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Retail Stocks Feel the Heat as Index Dips 1.3%

The Dow Jones Industrial Average closed down 1.1 percent to 13,851.08 Friday as investors cashed in profits after the exchange posted a record high just over 14,000 earlier in the week.

The Dow Jones Industrial Average closed down 1.1 percent to 13,851.08 Friday as investors cashed in profits after the exchange posted a record high just over 14,000 earlier in the week.

Wall Street also balked as earnings trickled in from several large companies, including Google Inc. and Dow component Caterpillar Inc., both of which posted lackluster second-quarter results, dragging the markets down as investors tasted their first disappointment of the second-quarter earnings season.

The S&P 500 Retail Index followed suit, shedding 1.3 percent to 515.52.

“I think the retailers are continuing to react to difficult business conditions,” said A.G. Edwards analyst Robert Buchanan. “And it is a summer Friday, so you can get some pretty wild swings for no good reason.”

Buchanan expects the retail sector to remain under pressure — as “negative psychology,” after slides in consumer spending and same-store sales since spring, deepens its grip on consumers and investors alike.

“The group has been weak for a long time — and that is in reaction to weak consumer spending, which has been sliding for so long now there is a certain depressing aspect to it,” Buchanan said.

Meanwhile, analysts are looking to this week, when retailers start to post second-quarter results. On deck are: Cache Inc., Columbia Sportswear Co., Hanesbrands Inc., Kenneth Cole Productions Inc., Luxottica Group SpA, Mothers Work Inc., Nike Inc. and Skechers USA Inc.

First Albany Capital analyst Paula Kalandiak expects Mother’s Work to meet expectations for its third quarter, results of which will post on Tuesday. However, she believes the company could report bad news to come.

“We believe Mother’s Work is being severely impacted by fashion trends that enable expecting mothers to purchase much of their maternity wardrobe from nonmaternity stores,” said Kalandiak in a research note.

Skechers is also slated to report Tuesday. Wedbush Morgan Securities analyst Jeff Mintz, who noted the stock’s 20 percent decline since its April 26 first-quarter report, said in a note that he expects Skechers results to beat estimates.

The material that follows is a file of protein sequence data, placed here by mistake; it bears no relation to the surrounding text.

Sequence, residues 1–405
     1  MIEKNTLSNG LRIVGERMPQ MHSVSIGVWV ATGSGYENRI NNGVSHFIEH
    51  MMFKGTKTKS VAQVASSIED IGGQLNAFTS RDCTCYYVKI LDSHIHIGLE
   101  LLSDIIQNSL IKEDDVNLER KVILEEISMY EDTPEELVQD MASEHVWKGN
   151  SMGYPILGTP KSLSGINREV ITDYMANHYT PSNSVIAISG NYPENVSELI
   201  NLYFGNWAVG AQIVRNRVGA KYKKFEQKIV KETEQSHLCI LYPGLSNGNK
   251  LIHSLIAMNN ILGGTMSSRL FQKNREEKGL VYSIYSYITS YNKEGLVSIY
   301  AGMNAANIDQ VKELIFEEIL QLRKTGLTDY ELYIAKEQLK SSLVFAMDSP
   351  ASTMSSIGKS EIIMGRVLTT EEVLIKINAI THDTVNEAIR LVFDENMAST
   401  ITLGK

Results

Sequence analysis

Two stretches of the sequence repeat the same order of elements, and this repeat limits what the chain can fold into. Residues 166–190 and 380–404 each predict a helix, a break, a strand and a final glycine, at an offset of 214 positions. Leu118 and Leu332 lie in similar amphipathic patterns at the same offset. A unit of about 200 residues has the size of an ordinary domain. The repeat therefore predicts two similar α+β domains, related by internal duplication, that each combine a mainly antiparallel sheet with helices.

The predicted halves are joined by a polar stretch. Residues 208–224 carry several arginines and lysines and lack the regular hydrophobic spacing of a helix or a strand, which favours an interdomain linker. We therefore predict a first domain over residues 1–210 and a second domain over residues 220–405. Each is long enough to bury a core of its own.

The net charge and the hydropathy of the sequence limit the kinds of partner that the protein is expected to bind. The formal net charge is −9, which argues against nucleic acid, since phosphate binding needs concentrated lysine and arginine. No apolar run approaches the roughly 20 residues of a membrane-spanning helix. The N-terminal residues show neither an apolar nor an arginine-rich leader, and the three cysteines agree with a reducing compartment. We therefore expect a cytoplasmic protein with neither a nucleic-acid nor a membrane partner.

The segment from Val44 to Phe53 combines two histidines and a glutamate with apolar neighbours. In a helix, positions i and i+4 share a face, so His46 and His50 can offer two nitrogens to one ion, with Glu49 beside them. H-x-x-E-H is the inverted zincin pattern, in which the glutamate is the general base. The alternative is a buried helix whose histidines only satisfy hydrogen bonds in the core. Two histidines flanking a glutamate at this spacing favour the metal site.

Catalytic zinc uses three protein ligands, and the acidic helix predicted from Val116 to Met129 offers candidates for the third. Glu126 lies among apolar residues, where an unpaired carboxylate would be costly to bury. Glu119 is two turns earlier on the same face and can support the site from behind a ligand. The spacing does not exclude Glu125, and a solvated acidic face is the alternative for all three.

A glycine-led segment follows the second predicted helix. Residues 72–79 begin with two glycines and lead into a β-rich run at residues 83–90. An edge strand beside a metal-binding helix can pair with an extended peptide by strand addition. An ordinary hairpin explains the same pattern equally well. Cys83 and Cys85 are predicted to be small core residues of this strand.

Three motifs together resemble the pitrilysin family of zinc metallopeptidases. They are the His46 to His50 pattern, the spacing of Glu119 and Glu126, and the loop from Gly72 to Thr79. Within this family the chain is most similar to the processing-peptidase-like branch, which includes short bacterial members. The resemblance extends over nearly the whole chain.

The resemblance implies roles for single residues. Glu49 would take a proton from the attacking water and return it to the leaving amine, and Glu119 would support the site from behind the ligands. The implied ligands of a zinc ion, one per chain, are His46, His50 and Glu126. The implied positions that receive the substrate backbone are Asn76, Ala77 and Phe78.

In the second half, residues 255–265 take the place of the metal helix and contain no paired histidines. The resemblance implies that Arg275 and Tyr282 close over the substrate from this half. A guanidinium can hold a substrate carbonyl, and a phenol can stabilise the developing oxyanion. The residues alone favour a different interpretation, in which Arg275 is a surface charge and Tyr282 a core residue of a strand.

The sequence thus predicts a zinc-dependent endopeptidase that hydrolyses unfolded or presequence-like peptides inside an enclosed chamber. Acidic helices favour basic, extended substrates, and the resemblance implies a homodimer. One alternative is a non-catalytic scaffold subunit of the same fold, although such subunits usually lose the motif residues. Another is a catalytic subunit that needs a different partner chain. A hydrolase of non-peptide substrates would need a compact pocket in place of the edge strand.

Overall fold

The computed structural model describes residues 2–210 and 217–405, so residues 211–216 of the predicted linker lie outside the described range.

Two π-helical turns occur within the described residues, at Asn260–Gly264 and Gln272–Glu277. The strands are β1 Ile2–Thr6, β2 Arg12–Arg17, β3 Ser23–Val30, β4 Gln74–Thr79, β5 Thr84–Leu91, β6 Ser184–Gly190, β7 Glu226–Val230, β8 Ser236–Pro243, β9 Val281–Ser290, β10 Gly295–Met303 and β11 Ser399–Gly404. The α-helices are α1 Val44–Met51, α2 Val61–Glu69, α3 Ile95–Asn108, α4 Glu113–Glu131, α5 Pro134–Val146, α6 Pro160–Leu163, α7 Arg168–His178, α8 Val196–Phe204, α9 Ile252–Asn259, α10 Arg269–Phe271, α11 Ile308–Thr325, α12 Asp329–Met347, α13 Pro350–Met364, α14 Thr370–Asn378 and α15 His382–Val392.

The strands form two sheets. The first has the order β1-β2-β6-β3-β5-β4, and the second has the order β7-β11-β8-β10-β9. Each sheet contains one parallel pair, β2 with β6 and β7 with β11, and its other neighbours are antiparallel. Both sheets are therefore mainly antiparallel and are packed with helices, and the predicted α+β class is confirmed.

This story first appeared in the July 23, 2007 issue of WWD.  Subscribe Today.

Mintz noted Skechers is poised to increase its square footage presence in both its own retail stores, which it plans to open 33 of this year, and in department stores.

“We also believe the strength of the Skechers brand is causing major accounts such as Famous, Macy’s and J.C. Penney to allocate more space to Skechers,” said Mintz, who added that this allows the company to sell more merchandise as long as product remains trend-right.

Nollenberger Capital Partners analyst Ann Poole started coverage of Aeropostale Inc. with a “buy” rating and Pacific Sunwear of California Inc. with a “neutral.”

Poole believes Aeropostale has effectively evolved its brand beyond a low-priced product and elevated its image through improved merchandise and marketing, which she sees translating into sales and earnings growth, especially in the back half of the year.

“We believe the new back-to-school assortment is significantly stronger than last year.” Poole said in a note. “The assortment is more focused and offers a better variety of wear-now and fashion-appropriate merchandise as well as a stronger bottom collection.”

Poole is less optimistic about Pacific Sunwear.

“We think the core PacSun concept is challenged to reestablish a niche in the competitive teen marketplace,” Poole wrote. “While the company was founded to be a cool, authentic destination for surf and skate apparel, we believe the massive size of the retailer has compromised what once made the company so unique and successful.”